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Short-Sighted Budgeting on the Backs of Minnesotans

September 11, 2012 By Aaron Sinner, Policy Associate

About this time last year, Congress whipped itself into a frenzy as it argued over whether to raise the U.S. debt limit. That process ultimately led to the sequester, a series of automatic budget cuts that would come into effect in 2013 unless the Super-committee saved the day with an alternative deficit reduction proposal of its own. The Super-committee dissolved in November 2011, unable to come to agreement, guaranteeing the sequester will take effect January 1 unless Congress acts to prevent it.

The sequester cuts $110 billion in federal spending next year and $1.2 trillion over the next 10 years, an impact that will be felt acutely right here in Minnesota. In fact, as Minnesota 2020 has detailed, just the cuts to the Health and Human Services, Education, and Labor Departments will cost Minnesota $70 million in 2013 alone.

These cuts demonstrate particularly short-sighted budget thinking because implementing many of them will ultimately cost Minnesotans more down the road than the sequester saves today.

For example, the sequester cuts $6.5 million from Head Start in Minnesota next year, resulting in 1,055 fewer children served. The program funds grants to organizations which provide comprehensive early childhood services for low-income families. Yet studies show a $7-$9 return for every dollar invested in Head Start. Compared to their siblings who don’t receive Head Start services, Head Start children are less likely to need special education services, more likely to graduate from high school, and less likely to be arrested. Additionally, individuals served by Head Start will earn more on average as adults. All of these factors add up to a powerful return on investment. Cutting Head Start money now merely increases our nation’s costs in the future.

In a hearing before the U.S. Senate Subcommittee on Children and Families last summer, Arthur Rolnick of the Federal Reserve Bank of Minneapolis testified, “investments in human capital prior to kindergarten provide a high public return,” citing research conducted in St. Paul to make his point.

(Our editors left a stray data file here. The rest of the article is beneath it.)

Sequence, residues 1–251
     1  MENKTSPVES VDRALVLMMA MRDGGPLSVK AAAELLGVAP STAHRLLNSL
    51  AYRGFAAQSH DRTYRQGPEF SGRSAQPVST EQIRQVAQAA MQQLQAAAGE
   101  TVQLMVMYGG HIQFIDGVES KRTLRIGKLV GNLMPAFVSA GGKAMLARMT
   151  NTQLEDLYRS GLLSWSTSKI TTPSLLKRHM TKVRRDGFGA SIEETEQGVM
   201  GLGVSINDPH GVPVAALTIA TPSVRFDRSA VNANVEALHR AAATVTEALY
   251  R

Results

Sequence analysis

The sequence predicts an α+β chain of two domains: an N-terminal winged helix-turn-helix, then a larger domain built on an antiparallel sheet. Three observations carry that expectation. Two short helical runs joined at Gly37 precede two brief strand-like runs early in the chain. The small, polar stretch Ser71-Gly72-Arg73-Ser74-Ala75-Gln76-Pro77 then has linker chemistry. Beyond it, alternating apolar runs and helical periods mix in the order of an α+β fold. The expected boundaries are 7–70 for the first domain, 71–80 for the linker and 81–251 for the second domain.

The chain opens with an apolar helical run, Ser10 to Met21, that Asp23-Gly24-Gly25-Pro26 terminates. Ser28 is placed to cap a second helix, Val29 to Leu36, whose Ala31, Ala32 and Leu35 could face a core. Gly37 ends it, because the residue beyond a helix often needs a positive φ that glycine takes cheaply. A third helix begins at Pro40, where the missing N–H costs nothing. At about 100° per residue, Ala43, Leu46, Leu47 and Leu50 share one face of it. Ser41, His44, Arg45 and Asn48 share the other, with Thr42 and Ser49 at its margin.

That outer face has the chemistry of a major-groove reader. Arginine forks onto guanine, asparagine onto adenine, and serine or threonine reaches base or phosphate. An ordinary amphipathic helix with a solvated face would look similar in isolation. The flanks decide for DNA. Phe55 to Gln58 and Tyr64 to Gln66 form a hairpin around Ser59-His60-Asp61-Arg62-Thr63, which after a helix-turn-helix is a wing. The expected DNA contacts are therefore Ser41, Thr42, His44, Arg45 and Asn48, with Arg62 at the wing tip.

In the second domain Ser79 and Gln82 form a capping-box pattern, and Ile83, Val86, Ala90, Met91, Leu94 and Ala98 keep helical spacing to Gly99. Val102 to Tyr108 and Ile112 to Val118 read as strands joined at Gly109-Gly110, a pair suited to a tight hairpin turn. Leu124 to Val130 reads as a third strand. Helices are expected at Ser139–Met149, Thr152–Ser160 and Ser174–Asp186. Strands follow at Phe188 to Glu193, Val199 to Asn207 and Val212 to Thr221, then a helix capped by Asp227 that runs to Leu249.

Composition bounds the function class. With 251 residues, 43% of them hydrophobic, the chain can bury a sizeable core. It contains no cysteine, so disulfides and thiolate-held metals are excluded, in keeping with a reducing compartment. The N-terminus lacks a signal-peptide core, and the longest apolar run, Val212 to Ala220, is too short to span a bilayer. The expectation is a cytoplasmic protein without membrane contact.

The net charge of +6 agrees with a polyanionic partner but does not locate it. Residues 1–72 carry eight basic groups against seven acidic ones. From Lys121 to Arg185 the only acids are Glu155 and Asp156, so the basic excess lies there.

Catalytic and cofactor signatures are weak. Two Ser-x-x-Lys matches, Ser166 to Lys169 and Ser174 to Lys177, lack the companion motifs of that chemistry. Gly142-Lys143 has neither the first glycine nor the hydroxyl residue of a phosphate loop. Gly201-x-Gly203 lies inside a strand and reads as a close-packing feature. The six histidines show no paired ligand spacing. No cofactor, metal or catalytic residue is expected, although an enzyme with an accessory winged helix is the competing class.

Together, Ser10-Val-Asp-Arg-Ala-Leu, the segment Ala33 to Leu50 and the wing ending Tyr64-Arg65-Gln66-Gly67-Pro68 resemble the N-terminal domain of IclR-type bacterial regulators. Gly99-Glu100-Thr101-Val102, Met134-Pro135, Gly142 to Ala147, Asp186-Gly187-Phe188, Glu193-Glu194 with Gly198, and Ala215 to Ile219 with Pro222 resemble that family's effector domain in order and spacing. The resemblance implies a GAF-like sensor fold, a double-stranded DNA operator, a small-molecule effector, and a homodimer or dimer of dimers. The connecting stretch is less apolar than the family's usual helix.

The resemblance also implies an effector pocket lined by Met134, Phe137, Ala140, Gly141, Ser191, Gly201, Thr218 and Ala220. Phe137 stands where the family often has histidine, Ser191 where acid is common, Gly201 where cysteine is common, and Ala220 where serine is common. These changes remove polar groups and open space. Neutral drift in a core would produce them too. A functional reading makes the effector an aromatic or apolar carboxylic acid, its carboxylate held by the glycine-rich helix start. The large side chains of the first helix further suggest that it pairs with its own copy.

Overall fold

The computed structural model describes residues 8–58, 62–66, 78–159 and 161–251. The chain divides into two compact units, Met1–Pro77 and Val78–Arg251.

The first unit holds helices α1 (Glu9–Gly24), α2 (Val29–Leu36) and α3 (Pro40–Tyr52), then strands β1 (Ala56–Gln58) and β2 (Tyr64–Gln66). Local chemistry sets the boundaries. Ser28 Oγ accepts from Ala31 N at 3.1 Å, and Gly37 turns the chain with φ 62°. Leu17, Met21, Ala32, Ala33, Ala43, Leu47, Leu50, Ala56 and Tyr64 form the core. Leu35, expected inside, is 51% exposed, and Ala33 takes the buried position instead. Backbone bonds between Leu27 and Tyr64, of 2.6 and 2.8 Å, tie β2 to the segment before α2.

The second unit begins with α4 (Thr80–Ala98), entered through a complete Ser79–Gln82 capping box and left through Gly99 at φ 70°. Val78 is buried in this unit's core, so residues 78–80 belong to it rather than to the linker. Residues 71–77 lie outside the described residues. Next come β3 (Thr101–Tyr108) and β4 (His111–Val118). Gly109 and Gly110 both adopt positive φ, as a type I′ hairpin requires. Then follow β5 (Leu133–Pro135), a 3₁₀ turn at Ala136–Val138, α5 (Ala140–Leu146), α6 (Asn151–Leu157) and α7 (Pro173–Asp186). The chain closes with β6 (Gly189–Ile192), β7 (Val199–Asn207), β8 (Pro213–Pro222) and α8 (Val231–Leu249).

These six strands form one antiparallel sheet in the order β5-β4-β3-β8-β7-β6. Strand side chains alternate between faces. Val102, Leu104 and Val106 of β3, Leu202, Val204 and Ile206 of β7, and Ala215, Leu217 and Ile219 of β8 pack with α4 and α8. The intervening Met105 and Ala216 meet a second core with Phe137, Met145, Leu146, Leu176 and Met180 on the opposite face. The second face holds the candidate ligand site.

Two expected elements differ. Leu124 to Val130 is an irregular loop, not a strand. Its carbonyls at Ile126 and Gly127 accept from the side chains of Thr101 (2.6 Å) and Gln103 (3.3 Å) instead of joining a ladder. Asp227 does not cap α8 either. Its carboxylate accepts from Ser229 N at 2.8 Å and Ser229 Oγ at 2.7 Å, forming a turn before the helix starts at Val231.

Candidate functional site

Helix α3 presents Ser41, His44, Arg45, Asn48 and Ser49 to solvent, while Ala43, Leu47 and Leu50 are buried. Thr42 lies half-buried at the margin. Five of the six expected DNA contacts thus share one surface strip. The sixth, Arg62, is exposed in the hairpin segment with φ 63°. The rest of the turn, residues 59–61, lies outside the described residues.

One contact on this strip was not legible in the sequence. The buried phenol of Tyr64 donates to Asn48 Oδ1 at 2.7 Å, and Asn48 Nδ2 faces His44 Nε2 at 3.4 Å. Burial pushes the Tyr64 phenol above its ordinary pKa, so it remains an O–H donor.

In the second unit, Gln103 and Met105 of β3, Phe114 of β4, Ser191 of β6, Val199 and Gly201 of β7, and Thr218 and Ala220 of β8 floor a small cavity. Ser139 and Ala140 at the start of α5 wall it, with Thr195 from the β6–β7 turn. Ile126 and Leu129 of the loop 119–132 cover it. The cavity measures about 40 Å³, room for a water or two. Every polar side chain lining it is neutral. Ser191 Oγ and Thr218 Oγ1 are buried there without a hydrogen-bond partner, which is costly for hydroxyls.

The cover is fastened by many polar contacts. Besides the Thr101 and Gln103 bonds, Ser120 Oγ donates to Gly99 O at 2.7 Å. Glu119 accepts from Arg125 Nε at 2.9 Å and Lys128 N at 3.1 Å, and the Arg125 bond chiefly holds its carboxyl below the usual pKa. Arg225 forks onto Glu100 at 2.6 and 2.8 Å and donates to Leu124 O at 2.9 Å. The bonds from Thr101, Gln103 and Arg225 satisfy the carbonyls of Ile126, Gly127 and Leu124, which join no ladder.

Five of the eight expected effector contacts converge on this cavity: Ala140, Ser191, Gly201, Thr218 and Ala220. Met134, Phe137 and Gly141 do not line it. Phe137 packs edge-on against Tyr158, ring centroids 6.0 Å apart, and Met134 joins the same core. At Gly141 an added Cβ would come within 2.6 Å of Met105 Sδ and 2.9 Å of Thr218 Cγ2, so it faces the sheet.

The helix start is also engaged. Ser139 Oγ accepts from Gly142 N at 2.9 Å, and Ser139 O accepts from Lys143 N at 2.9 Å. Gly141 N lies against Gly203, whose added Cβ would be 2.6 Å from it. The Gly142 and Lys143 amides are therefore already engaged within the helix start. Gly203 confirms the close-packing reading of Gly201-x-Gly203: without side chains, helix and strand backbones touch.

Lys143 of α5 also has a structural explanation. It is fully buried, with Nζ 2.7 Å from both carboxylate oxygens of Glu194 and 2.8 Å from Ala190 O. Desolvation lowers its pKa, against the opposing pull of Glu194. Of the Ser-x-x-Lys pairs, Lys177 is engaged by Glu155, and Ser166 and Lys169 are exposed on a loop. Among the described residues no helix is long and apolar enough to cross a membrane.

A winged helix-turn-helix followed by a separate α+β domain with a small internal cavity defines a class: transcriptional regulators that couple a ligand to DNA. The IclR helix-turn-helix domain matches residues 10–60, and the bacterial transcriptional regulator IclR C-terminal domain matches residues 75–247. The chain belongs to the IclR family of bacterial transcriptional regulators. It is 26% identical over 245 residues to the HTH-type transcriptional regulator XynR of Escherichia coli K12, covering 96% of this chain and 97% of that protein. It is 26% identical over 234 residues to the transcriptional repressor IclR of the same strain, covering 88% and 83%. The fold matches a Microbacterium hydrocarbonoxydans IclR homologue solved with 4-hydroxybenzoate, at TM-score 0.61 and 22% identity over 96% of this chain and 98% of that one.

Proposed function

Head Start isn’t the only program aimed at pre-kindergarten youth that will be hurt by the sequester. The Child Care and Development Block Grant subsidizes child care for low-income working families, increasing the quality of the programs those families can access. It, too, brings a positive return on investment, yet Congress’s cuts will result in a $2.4 million reduction in funding for Minnesota, meaning 1,337 fewer children will benefit from the subsidy.

Similar programs suffering cuts include the Maternal and Child Health Block Grant and Childhood Immunization Grants. Cuts to the former mean 14,239 fewer Minnesota families will receive prenatal care and comprehensive well child services, while cuts to the latter will result in 3,683 fewer uninsured Minnesota children who receive vaccinations for measles and mumps, pertussis, flu, and Hepatitis B.

This could have dramatic public health consequences for Minnesota.

Early childcare isn’t the only type of program likely to have a significant return on investment that’s receiving cuts. So, too, is funding for low-income and uninsured women for breast cancer and cervical screenings. C-Change, an organization dedicated to disseminating cancer research, reports since cancer prevention and early detection costs less than treating late-stage cancer, “Investing $2.95 per member per month to cover [breast, colorectal, and cervical] cancer screening may yield additional savings of up to $3.75 per member per month.” If the sequester takes effect, 1,365 fewer Minnesota women will receive these preventative screenings.

Substance abuse prevention and treatment cuts also embody short-term thinking, as studies have found current programs generate $2.21 in savings for every $1 spent. Yet 2,549 fewer Minnesotans will be admitted for treatment as a consequence of next year’s cuts.

These cuts represent just some of the many short-sighted actions the sequester embodies. The federal budget deficit and our nation’s debt represent real problems that do need to be addressed, but we can’t accept short-term cuts that do long-term damage and ultimately cost society more than they save. We need long-term thinking that recognizes the positive return on investment that results from much of our public spending.

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